It dates from the late 18th through the middle of the 19th century.
It is in excellent condition with a small amount of verdigris in the recessed areas. It does appear to have been cleaned at some time in it's history and appears to be toning down nicely. It also has some wax residue remaining in a few crevices.
This is a Tibetan copper & white metal/silver prayer box or portable shrine (Gao) with a small bronze figure of Ganesh inside.
It dates circa 1890-1930, or possibly earlier.
It also has stitched covers from the early to middle 20th Century.
The front cover is covered with wonderfully hand tooled images, including a Tibetan mythical beast or lion surrounded by Buddhist calligraphy, topped by a flame. The rest of the box is copper, under the protective, stitched cover.
It measures 5 inches tall by 4 1/4 inches wide by 1 1/2 inches in depth.
It is part of a small collection of antique Asian silver artifacts that were originally acquired together. Some of these items will also be offered for sale, now or at a later date.
This Japanese painted bronze figure of Daikoku measures approximately 13.5 inches tall by 6 inches wide by 5 inches in depth.
It is a substantial bronze figure, weighing around 13+ pounds or about 6 kilos.
It is signed or marked on both the figure and the separate base of rice bales (see two of the enlargement pictures).
It dates from the late Meiji to Taisho Period (circa 1890-1912).
It is in excellent condition with most of it's original colored and patinated surfaces intact. An exception to this is the loss of a small triangular shaped piece which was apparently once attached at the figure's midsection (see photo enlargement of loss). This most likely was originally a separate attachment (see the drill hole?) in the shape of a small pouch (or treasure sack) which Daikoku traditionally carried.
Since the 17th century, Daikoku has been known as the Japanese god of wealth, the household and of farmers, although in earlier centuries he was considered a fierce protector deity (Mahakala).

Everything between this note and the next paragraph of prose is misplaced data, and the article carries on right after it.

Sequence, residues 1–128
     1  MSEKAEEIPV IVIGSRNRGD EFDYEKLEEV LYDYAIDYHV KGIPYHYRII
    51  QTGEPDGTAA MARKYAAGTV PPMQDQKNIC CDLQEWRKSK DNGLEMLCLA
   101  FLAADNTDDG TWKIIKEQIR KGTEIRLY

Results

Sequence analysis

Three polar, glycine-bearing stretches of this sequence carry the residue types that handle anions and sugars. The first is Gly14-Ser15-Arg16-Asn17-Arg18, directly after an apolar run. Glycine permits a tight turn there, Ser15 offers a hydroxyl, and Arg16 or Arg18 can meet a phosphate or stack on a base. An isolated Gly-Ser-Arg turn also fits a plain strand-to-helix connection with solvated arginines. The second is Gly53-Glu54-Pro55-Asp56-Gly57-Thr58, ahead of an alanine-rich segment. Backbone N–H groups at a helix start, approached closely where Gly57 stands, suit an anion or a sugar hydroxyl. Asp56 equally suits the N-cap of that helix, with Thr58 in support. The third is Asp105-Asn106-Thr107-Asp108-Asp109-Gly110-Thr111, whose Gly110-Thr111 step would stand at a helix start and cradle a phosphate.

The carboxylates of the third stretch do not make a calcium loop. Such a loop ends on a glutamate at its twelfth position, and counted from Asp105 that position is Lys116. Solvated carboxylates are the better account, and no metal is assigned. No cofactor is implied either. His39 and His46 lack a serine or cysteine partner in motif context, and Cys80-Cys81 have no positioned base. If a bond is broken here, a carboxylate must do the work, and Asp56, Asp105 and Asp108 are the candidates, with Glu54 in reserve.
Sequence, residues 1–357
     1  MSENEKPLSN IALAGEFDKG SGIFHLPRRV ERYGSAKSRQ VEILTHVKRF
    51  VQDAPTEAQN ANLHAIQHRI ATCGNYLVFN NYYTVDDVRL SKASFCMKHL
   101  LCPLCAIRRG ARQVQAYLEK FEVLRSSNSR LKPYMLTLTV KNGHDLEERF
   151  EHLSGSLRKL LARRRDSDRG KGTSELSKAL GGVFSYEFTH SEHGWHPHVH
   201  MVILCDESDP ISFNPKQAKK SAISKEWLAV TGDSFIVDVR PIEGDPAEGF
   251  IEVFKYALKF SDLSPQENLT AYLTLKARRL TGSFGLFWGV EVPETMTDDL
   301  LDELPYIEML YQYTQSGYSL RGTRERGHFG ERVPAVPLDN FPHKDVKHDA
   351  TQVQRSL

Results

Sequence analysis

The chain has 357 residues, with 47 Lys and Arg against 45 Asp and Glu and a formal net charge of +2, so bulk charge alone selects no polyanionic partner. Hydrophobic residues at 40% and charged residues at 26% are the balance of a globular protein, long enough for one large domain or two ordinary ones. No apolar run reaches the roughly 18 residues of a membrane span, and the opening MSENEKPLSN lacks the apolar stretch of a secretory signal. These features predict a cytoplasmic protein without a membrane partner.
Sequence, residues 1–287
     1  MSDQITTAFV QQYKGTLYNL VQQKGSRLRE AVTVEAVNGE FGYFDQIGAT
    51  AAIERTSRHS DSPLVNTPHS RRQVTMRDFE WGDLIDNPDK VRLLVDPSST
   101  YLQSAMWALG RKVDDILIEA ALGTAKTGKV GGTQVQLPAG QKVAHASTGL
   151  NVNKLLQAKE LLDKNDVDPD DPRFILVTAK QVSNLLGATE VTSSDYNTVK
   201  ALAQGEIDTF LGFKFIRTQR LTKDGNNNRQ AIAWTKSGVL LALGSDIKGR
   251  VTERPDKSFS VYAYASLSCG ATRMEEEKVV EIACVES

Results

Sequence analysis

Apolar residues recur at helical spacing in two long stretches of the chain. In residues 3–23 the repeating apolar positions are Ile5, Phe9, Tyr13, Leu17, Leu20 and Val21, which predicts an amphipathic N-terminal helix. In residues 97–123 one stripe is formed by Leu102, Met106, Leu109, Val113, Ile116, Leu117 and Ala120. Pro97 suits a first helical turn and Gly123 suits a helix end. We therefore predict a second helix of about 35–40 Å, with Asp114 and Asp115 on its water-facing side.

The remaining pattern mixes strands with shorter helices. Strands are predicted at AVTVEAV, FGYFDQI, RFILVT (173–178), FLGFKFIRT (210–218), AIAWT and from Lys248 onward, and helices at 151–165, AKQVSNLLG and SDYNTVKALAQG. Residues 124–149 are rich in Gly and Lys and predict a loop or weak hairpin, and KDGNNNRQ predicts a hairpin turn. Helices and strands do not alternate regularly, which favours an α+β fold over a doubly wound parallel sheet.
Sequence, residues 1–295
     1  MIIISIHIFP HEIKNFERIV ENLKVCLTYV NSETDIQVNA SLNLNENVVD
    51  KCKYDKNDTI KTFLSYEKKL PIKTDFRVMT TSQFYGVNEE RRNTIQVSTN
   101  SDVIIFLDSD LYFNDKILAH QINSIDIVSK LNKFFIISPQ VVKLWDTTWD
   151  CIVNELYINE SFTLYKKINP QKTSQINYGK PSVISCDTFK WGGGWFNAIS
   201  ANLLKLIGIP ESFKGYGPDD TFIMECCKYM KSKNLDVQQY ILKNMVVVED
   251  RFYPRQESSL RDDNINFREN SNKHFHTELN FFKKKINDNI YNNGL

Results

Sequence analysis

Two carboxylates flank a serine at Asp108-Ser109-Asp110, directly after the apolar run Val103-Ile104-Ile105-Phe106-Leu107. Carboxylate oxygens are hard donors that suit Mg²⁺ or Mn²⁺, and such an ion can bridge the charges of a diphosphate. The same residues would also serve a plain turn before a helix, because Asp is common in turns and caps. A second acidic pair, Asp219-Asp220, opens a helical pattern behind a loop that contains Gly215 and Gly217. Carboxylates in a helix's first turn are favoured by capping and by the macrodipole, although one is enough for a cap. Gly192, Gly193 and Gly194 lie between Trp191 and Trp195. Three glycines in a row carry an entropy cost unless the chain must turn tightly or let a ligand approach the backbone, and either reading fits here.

In Japan, artwork of this deity usually shows him wearing a hood and standing on two bales of rice, carrying a sack of treasure and holding a magic mallet. Daikoku is often clad in robes, with a smile on his face.
In some traditions, Daikoku is also considered to be a provider of food, and images of him can still be found in monastery kitchens and in the kitchens of private homes. He is recognized by his wide face, smile, and a flat black hat.
He is often portrayed holding a golden mallet (called a Uchide Nokozuchi), also known as a magic money mallet, and is seen positioned on bales of rice, occasionally with mice nearby (mice signifying plentiful food).
Originally a Hindu deity called Mahakala, he was introduced to Japan in the ninth century, and merged with the Shinto deity of good harvests, Oo-kuninushi-no-Mikoto (or Okuninushi-no-Kami, translated as "Prince Plenty"). The lucky mallet in his right hand is called the uchide nokozuchi. This mallet is said to have magical properties that can produce anything desired when struck. Some stories say that coins fall out when he shakes his mallet. Others say that believers are granted their heart's desire by tapping a symbolic mallet on the ground three times and making a wish.
The symbol of the precious Buddhist Jewel, sometimes found on Daikoku's mallet or belt, represents the themes of wealth and unfolding possibility. It is said to give its holder the ability to see all things (like a crystal ball).
The precious jewel is one of the seven symbols of royal power in Buddhism. Daikokyu, himself is considered to be one of the seven household gods of Japan.
This jadeite carving measures about 3.5 x 5 inches by .5 inches in depth. It is in the shape of a rectangular plaque with slightly rounded edges.
It features a robed figure of Buddha holding a large lotus leaf while another figure kneels beside him.
This jadeite carving is in excellent condition .
It has colors that range from pale green to variegated colors that include a bright apple green, deep moss green and touches of emerald green.
The colors of the stone have been used to good effect to make the Buddha stand out on the obverse. On the reverse two large lotus leaves are framed utilizing the natural colors of the stone.
This glazed ceramic seated Buddha measures 7 inches tall by 6 1/2 inches wide by about 5 inches in depth.
It consists of a blue glaze over buff ceramic. The glaze is a deep sky blue ranging to shades of turquoise and pooling to black in the crevices. The bottom has a very fine mesh pattern embedded in it that resembles linen. There are no marks of any kind on it.
This seated figure dates to the Kangxi period of the Ching Dynasty (1644-1911) or possibly earlier.
It is in excellent condition, period.
This Meiji period JAPANESE KUTANI VASE measures 7 inches in diameter and 11 inches tall. We date this one circa 1880-1910.
It is in excellent condition overall with the raised gilding in outstanding condition.
It is unsigned, but there is a hand painted mark on the bottom edge that looks like: I I I O .